Ramps, Ramps, and Ramp Fritters


Easter Sunday was a bit unusual for me this year.  I spent the morning with family, but ever-patient Lisl gave me special dispensation to spend the afternoon tromping around the woods with a bunch of other food bloggers collecting wild ramps, fiddleheads, stinging nettles, wild garlic, and more.  This outing was organized by Marc of No Recipes (who has a full write-up of the event and resulting menu on his blog, along with some great photos) and Jonathan of Lab 24/7.

ramps-forage-collage(Clockwise from top-left: ramps; stinging nettles; fiddleheads; non-edible but pretty flowers)

I now understand the special appreciation people have for ramps.  Douse them in olive oil and sea salt and toss under the broiler for a few moments, and the results will make you go weak in the knees.  Since Sunday, I have also eaten pickled ramps, sauteed ramps with the drippings from a roast chicken, made ramp fritters (recipe below), and later this week will be making a ramp risotto.  One has to strike when the iron is hot!


Unfortunately, with a newborn at home, I was not able to partake in the amazing feast put on by Marc and crew (with the talents of Stephane from Zen Can Cook and Claire from Colloquial Cooking), so I am not able to speak to the taste of fiddleheads and stinging nettles, but at least I am now armed with the knowledge to forage such things in future!  I had a great time, however, and spending time in the kitchen with that team prepping the meal was a blast.  Now, I had mentioned ramp fritters had I not?

Ramp Fritters


Tonight’s recipe combines Richard Olney’s fritter batter with ramps, zucchini, parsley, and lemon. Beating the egg whites makes these feel quite light and decadent for something fried, and it is a technique I will use more often in future.

Fritter Batter
from Richard Olney’s Simple French Food
3/4 cup flour
2 eggs, separated with whites set aside
3/4 cup beer (I used Bass pale ale)
2 tbsp olive oil
1/4 tsp salt

Fritter mixture
15 small to medium ramps, cleaned (treatment below)
2 zucchini, peeled and grated
2 tbsp finely chopped parsley
1 stem of wild garlic or a small garlic clove, finely minced
salt and pepper
juice from half a lemon
splash of olive oil

First create the base of the batter by combining the flour, egg yolks, beer, olive oil and salt in a bowl and whisk just enough to blend everything together smoothly.  Let rest for at least an hour, which according to Olney helps it better coat the items to be fried (this can be skipped given this recipe’s particular approach, but I did it anyway).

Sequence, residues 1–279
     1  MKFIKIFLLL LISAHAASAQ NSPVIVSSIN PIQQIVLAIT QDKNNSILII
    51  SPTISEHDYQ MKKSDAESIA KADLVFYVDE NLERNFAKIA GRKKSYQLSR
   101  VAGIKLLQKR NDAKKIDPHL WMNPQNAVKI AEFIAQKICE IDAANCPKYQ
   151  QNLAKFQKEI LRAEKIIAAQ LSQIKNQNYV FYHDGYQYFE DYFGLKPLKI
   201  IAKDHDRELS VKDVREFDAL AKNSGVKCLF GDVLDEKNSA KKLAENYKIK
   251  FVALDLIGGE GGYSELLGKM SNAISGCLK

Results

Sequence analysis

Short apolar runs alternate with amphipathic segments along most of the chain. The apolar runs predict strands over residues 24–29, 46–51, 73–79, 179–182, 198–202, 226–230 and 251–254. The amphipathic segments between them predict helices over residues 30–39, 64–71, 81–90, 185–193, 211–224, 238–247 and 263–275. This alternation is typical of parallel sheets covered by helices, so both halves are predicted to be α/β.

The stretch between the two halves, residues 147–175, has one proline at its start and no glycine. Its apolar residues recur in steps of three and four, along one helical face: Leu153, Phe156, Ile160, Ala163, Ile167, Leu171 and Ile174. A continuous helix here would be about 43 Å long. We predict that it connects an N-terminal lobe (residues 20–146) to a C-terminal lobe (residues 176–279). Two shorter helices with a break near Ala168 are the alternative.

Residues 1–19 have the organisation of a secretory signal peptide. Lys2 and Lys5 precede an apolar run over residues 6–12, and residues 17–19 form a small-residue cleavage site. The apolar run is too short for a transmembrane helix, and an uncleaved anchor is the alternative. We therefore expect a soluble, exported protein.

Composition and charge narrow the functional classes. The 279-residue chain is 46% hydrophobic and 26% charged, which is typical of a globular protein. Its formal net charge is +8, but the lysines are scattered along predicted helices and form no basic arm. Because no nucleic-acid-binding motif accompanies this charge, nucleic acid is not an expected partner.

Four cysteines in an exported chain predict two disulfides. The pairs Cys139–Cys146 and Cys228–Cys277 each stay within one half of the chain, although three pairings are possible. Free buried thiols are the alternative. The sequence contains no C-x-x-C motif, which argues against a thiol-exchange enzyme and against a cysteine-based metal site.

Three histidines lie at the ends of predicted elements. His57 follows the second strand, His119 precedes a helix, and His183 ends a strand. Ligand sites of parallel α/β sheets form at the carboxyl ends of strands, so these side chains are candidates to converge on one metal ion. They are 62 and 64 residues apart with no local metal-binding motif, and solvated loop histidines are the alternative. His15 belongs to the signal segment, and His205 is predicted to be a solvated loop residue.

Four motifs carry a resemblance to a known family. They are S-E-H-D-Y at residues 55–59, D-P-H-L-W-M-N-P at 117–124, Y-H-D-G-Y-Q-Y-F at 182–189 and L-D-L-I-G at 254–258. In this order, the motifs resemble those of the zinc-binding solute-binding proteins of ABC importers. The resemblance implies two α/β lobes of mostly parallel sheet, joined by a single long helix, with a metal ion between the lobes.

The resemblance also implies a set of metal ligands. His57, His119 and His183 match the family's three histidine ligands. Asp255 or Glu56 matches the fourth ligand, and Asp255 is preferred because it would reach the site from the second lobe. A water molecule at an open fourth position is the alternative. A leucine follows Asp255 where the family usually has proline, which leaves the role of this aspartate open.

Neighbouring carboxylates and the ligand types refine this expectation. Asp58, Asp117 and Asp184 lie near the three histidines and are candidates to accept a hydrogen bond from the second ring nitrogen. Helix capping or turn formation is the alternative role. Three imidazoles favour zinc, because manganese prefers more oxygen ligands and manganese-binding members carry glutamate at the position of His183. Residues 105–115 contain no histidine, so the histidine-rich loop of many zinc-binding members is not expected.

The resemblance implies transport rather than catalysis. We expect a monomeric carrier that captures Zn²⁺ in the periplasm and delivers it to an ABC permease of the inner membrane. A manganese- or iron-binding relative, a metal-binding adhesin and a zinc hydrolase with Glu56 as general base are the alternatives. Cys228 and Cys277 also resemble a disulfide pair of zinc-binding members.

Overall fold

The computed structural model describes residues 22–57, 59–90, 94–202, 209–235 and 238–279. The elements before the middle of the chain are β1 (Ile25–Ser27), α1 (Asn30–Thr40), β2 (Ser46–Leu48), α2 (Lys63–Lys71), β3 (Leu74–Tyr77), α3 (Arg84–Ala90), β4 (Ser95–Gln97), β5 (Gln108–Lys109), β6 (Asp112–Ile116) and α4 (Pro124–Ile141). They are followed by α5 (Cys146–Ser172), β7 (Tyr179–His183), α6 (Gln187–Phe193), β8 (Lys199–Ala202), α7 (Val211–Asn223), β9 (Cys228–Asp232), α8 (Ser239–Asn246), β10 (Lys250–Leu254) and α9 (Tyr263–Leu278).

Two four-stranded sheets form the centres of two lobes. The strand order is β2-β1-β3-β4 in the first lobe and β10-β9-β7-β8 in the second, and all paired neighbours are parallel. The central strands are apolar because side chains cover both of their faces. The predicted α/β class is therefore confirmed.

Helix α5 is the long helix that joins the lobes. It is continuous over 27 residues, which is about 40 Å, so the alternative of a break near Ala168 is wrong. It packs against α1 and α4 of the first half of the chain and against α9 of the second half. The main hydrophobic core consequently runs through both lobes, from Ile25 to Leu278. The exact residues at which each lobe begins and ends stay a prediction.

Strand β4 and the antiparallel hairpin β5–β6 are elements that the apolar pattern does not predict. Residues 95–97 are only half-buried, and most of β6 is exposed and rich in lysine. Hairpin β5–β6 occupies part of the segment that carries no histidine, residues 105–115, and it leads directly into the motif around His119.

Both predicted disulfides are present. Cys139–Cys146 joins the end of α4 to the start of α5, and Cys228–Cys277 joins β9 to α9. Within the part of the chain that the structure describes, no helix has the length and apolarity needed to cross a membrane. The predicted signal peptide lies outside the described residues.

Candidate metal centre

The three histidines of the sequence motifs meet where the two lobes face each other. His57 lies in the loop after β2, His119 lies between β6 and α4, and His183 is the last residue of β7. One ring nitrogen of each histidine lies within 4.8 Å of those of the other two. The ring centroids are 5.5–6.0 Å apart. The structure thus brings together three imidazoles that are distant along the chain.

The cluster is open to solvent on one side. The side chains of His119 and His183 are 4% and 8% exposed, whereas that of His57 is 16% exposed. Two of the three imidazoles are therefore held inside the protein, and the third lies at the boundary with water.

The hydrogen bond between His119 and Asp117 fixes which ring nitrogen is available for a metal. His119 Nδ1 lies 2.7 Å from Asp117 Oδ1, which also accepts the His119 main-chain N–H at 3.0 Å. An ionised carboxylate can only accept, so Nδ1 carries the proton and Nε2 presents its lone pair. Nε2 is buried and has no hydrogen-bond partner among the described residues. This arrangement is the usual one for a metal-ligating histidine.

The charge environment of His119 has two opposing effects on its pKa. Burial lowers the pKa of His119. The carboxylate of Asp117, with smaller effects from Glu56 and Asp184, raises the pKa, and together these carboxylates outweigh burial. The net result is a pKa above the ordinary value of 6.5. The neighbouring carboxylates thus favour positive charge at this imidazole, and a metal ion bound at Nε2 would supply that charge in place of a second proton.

In a colander, thoroughly squeeze the moisture out of the grated zucchini with your hands.  Place in a bowl.  Finely chop the stems of the ramps, chop a fine chiffonade of the leaves, and add to the bowl.  Stir in the garlic, lemon juice, olive oil and a pinch of salt and pepper. Let this rest as well while the batter sits.

Beat the egg whites until the peaks hold, and fold them into the batter.  Gently stir the vegetables into the batter.

Heat up some olive oil (or a mixture or olive oil and vegetable/canola oil) in a large cast iron pan on medium-high heat, enough to well-coat the surface of the pan.  When a drop of water jumps and sizzles in the pan, you are ready.  With a decent-size soup spoon, place spoonfuls of batter around the pan, being careful not to overcrowd or let fritters touch each other.  Cook until golden brown on both sides, then remove to a drying rack or a plate with paper towel.

Serve with some fresh lemon juice and taste for salt and pepper. While I was not able to test this tonight, I also suspect that crème fraiche in addition to the lemon would make a wonderful complement to the fritters (a combination Marc used to good effect with the amuse bouche shortbreads he made).

– – –

I’m going to leave you with a shot of Stephane’s pickled ramps, which were heavenly, as an unsubtle attempt to peer-pressure him into blogging the spice ratios. These were so quickly devoured that they had to be hidden to save some for the evening’s pork belly dish. They also contributed to a killer martini.


Update: Liz from the Zested blog (wonderful photography), who I met that day, beat Stephane in getting the pickling recipe up. Check it out!

28 thoughts on “Ramps, Ramps, and Ramp Fritters”

  1. OOooooo love the idea of fritters. They look delicious. I’m glad you got to at least take some ramps home and enjoy them with Lisl. Great photos too. The lighting in the park was a bit challenging.

  2. Oh yum! We have a few more weeks until ramps here but I can’t wait. They made a fabulous risotto last year. We’ll get some stinging nettles too, they are interesting…

  3. I’m going to have to move back to the Northeast if this is how a food blogger lives! Very envious. Don’t think I can do that kind of foraging in the desert that is Los Angeles. Nice post. Thanks!

  4. Marc, thanks again for organizing.
    Hi Kat, the ramps aren’t out where I live either, but I’m betting they’ll be here in 2 weeks. Have to try stinging nettles!